How ESG factors can get messy

Risk management software provider Axioma asks why is it so hard to incorporate ESG factors into the investment process?


Rupert Walker

Claiming to incorporate ESG factors in investment processes is fashionable, but is hard to implement and even more difficult to evaluate the impact, according to a risk management software provider.

“Incorporating ESG factors into portfolio construction can’t hurt, but it is difficult to show that it helps,”said Olivier D’Assier, head of applied research at Axioma, a provider of portfolio optimisation and risk management software.

The main problem is that ESG (environmental, social, governance) factors overlap with more conventional factors which are used in the portfolio construction process: it is difficult to dis-aggregate the respective impacts and distinguish how ESG metrics might be contributing to alpha or mitigating risk.

Nevertheless, regression analysis can identify performance attribution from actors such as value and growth, with what’s left over — the residual performance — perhaps accounted for by the inclusion of ESG metrics.

“But, ESG factors in general are notoriously noisy, imprecise and often subjective,” D’Assier told FSA in a recent interview.

First, the portfolio manager might have simply selected the top 100 companies from an in-house ESG screening process. But, the number (in this case 100) would be arbitrary and the process might be unscientific.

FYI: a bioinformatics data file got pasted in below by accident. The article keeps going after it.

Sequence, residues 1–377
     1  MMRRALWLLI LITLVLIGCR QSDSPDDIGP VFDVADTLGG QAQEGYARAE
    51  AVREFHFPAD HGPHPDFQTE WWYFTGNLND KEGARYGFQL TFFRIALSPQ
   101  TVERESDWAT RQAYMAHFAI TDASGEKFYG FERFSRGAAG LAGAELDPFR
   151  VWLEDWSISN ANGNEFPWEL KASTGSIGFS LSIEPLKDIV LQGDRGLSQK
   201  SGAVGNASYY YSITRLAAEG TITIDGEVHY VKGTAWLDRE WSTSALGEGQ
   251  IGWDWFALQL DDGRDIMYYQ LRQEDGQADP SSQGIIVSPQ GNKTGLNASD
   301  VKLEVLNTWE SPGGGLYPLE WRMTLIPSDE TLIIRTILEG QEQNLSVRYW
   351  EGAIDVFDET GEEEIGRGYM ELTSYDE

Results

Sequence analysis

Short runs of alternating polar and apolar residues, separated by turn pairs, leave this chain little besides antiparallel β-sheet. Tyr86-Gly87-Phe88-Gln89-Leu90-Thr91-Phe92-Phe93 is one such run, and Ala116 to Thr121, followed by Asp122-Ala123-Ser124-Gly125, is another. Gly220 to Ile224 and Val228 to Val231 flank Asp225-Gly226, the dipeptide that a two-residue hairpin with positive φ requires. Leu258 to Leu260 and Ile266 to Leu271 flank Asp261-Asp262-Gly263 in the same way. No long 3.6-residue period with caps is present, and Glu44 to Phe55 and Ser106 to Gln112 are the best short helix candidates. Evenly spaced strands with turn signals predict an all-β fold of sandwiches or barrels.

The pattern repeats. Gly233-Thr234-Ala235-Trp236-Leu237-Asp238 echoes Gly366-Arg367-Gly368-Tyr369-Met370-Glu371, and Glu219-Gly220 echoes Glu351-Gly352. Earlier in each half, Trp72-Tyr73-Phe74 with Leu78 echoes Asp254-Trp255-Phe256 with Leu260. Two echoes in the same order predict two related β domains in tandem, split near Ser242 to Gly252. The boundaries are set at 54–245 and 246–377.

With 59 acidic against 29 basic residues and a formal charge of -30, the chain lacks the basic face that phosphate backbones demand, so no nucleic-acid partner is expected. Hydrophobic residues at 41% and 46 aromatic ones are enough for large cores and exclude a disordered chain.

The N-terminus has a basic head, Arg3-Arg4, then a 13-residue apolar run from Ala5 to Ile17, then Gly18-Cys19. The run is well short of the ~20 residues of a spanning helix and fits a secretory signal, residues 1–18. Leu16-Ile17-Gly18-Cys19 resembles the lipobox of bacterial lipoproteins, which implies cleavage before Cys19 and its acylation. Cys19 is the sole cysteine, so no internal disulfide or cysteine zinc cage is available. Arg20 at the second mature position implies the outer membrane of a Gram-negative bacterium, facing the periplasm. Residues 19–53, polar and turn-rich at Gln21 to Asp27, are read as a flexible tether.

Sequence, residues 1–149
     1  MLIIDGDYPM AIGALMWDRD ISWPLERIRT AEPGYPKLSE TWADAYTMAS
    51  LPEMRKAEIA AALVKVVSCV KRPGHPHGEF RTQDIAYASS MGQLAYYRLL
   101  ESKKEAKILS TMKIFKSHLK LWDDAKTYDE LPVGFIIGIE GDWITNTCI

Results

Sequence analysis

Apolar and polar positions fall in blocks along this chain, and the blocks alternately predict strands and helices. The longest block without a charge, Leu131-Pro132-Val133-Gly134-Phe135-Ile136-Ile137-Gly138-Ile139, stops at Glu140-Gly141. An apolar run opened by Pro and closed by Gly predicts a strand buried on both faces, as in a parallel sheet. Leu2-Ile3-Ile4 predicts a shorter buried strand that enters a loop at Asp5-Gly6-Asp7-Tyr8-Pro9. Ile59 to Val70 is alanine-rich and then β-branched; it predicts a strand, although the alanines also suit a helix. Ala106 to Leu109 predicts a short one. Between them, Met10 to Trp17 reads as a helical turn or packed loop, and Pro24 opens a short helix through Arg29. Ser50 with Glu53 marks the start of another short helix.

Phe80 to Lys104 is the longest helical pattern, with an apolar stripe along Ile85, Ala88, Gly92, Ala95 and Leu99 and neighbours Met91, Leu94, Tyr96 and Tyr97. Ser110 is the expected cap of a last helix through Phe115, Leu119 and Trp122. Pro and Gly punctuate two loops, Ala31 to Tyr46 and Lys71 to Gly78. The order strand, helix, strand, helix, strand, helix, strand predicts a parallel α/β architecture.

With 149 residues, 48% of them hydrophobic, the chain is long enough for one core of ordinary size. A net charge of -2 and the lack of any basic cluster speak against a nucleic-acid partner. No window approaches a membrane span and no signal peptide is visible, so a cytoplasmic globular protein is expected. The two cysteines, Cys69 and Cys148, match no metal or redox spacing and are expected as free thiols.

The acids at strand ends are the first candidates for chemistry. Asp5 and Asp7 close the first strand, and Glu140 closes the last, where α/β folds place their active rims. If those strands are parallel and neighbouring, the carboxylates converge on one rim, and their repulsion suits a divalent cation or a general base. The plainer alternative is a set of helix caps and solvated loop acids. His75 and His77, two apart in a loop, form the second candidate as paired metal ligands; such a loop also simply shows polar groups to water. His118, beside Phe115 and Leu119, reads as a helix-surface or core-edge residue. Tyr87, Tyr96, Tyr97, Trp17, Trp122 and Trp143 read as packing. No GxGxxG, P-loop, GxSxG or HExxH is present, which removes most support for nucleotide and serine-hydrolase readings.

Large companies typically have better ESG metrics than smaller firms, likely due to bigger PR departments

“A manual methodology is not an effective substitute for a quantitatively-driven optimiser,” said D’Assier.

Losing objectivity

Second, using third-party sources for ESG rankings can lead to a spurious objectivity.

“The ESG factors and their relative weightings differ significantly across vendors,” he said.

D’Assier offers a hypothetical example: take two companies, each with 12 people on their boards. One has 12 men, the other has six men and six women. The latter would gain a higher score for diversity – even if those twelve individuals were all white, from the US and had studied at Harvard, while the all-men board are from diverse backgrounds, countries and ethnicities.

Basically, bad data in, bad data out.

Third, large companies typically have better ESG metrics than smaller firms. That’s not necessarily because they are more ethical in the operations; instead it is more likely that their better-resourced PR departments recognise the importance of at least appearing more ethical.

Finally, ESG disclosures are still largely voluntary anyway — although there is clearly a move towards mandatory reporting in Europe, where the emphasis is on environmental impacts, and in the US where governance is becoming a key issue.

“Asia is quite late to the game, and the incorporation of widely-held ESG principles is complicated by the diversity of countries and cultures within the region,” said D’Assier.

However, D’Assier is convinced that ESG factors will become increasingly important for portfolio construction, even if the financial benefits now are not yet evident.

“I suspect that as more and more investors incorporate ESG in their strategies and we move towards a global standard for ESG metrics, and regulators across the world start to enforce ESG reporting, then these factors will start to trend like traditional factors.

“But as of now they do not, although we can see the beginning of some systematic return if we focus on the last four years,” he concluded.

This article first appeared on ESG Clarity‘s sister site, Fund Selector Asia.

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